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Navigate through these uncharted waters in 2020

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In 2009 and 2010, for the first time ever we saw mortgage rates under 2.00%.  That’s right, if you were in a variable rate mortgage, you had a rate under 2.00%. We were coming off the catastrophic US sub-prime mortgage crisis. The financial US scam that cost the world trillions of dollars in lost pensions and investments. Tens of thousands of people lost everything they had. It was horrible. While we, in Canada, were largely untouched. We weren’t smarter, we were just lucky not to be exposed to the subprime mortgages to the extent the rest of the world was. As they say, Canada is five years behind the US, and in this case, we got lucky.

That said, let’s get back to mortgage rates and fast forward to 2020.

If you are in a variable rate, you probably have a rate under 2.00%, but here’s something new. We are now seeing some lenders offer fixed mortgage rates under 2.00%. Yes, it’s true… fixed mortgage rates under 2.00%. I never thought I’d say that in my lifetime. There are certain qualifications you must meet and fit into and admittedly the box is small, but it’s there and this is another historic milestone for mortgage rates.

What should you do?   

If you are looking to buy a house, look now. Don’t wait. Your mortgage payments could be as low as $370/month for every $100,000 of mortgage.   Compare that with a 3.00% interest rate and a payment of $420/month. Or let’s increase that to a $400,000 mortgage…  today, you could pay $1480/month compared to $1680/month. That $200/mth difference works out to $12,000 in payment difference over the course of 5 years. PLUS your mortgage balance at the end of 5 years would be $348,748 vs $355,504. That’s an additional savings of $6756 or a total savings of $18,756.  

If you have a mortgage coming up for renewal in the next 4 months, get some rate holds now!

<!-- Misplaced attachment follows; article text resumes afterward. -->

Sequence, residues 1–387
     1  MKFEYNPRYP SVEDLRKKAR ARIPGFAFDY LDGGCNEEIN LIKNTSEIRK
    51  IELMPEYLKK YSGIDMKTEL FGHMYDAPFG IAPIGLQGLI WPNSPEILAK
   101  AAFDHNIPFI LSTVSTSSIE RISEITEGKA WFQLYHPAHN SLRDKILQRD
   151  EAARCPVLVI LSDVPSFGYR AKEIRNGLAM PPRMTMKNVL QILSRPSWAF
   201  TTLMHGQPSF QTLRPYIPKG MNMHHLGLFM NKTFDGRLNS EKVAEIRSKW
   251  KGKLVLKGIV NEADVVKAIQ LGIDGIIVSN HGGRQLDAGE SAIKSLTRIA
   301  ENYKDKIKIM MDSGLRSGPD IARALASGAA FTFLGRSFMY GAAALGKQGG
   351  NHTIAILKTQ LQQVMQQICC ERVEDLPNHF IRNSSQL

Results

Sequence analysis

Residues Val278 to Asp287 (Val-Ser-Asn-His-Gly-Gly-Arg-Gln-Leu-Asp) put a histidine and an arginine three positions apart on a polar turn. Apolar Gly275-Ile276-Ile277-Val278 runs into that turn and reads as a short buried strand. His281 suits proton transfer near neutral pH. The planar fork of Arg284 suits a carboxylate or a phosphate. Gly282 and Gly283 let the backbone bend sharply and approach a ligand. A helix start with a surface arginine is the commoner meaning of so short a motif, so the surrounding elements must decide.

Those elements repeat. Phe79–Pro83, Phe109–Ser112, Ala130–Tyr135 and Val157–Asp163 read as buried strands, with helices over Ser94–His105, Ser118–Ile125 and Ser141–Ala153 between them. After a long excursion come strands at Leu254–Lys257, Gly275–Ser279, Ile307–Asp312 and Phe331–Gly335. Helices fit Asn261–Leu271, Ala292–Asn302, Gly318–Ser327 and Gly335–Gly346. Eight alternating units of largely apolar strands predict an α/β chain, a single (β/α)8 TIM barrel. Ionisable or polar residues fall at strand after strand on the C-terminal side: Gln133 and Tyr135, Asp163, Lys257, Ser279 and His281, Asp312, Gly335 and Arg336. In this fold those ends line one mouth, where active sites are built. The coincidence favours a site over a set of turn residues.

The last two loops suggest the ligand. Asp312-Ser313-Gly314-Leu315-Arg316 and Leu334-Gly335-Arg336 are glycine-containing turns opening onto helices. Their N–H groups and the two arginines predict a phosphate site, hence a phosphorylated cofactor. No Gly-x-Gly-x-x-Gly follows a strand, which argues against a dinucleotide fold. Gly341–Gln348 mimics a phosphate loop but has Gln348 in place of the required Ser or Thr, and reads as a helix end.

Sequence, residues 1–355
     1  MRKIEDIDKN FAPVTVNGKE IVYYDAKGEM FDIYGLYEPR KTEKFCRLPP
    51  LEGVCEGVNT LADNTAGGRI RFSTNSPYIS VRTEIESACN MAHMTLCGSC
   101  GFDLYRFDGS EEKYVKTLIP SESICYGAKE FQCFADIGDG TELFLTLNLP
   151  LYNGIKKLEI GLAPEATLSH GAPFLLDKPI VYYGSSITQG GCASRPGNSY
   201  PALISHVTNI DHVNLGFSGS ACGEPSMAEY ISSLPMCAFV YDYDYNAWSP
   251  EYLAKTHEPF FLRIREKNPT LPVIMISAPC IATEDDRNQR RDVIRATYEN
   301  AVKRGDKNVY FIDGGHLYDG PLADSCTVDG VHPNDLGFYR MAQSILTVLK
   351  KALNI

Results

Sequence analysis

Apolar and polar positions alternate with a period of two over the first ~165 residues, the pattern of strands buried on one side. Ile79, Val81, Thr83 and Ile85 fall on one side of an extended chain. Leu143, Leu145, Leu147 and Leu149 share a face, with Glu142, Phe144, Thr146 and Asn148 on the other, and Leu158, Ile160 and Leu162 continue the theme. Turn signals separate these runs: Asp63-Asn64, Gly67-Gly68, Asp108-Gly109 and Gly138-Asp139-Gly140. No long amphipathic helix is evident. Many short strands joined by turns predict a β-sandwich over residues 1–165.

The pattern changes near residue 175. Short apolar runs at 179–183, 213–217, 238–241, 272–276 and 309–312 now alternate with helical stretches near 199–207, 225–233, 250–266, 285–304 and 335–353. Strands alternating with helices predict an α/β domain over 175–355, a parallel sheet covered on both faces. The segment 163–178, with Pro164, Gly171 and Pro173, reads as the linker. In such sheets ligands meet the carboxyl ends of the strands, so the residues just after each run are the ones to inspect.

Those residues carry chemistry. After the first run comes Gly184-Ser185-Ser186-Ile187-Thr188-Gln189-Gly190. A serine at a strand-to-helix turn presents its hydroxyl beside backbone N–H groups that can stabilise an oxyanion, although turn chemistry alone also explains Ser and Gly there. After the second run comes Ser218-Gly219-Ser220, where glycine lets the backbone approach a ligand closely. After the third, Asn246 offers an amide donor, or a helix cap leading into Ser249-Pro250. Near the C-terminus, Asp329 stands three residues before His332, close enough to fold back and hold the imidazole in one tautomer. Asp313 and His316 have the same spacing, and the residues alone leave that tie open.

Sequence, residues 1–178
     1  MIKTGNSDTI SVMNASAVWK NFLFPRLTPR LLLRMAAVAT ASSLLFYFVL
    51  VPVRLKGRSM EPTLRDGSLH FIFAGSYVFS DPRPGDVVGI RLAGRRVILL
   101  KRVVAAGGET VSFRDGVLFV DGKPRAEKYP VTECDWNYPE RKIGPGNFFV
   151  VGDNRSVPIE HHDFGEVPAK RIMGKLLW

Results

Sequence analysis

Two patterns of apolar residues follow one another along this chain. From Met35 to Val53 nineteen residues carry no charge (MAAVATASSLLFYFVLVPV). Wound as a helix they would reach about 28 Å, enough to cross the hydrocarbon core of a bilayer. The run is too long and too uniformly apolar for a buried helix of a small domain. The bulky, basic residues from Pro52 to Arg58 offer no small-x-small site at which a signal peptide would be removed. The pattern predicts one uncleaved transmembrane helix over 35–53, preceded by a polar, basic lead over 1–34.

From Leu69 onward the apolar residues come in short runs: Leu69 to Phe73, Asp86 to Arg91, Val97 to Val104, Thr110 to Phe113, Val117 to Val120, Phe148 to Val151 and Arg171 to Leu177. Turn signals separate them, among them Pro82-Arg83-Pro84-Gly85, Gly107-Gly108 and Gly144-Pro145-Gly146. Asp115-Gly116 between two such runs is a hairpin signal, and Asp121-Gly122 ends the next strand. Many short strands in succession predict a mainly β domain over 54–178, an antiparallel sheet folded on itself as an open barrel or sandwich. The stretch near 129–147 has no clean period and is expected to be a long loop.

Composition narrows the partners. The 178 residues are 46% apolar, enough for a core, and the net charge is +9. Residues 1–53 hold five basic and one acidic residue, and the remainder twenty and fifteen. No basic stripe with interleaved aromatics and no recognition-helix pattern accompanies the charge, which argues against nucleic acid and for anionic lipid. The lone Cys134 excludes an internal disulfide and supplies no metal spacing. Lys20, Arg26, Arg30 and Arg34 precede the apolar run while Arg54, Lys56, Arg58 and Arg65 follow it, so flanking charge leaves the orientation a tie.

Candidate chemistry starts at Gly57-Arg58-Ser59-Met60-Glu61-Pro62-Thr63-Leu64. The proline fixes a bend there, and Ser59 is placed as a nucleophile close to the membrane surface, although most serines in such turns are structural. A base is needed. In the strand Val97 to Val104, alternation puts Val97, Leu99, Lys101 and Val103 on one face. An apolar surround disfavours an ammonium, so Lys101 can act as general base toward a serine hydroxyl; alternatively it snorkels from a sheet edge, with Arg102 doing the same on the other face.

If you have a mortgage rate of 2.79% or higher, consider breaking the mortgage, paying the penalty and renewing early. The savings are probably greater than the penalty… but that is not always the case so speak with an experienced mortgage broker to do the math.  

Could Fixed rates fall further? They could. What about Variable rates? Variable rate mortgage pricing is higher than normal (normal pricing is around Prime less 0.50% to less 1.00%). Today’s variable rate pricing is around prime less 0.30% to less 0.45% (2.45% – 0.30% or 0.45%  = 2.15% or 2.00%.).    

While I still prefer a variable rate today, fixed is also a good option. Your decision should be made based on your goals, objectives, risk tolerance and financial circumstances. We are all different and unique.  Again, I repeat, speak with an experienced mortgage broker to navigate through these uncharted waters in 2020. 

As always, I welcome your comments, calls and questions.

Steve Garganis 416 224 0114 steve@mortgagenow.ca

Your best interest is my only interest.

Steve Garganis View All

As an industry insider, Steve will share info that the BANKS don't want you to know. Steve has appeared on TV's Global Morning News, CBC's "Our Toronto" and The Real Life TV show. He's also been quoted in several newspapers such as the Globe and Mail, The Toronto Star, The Vancouver Sun, The Star Phoenix, etc.

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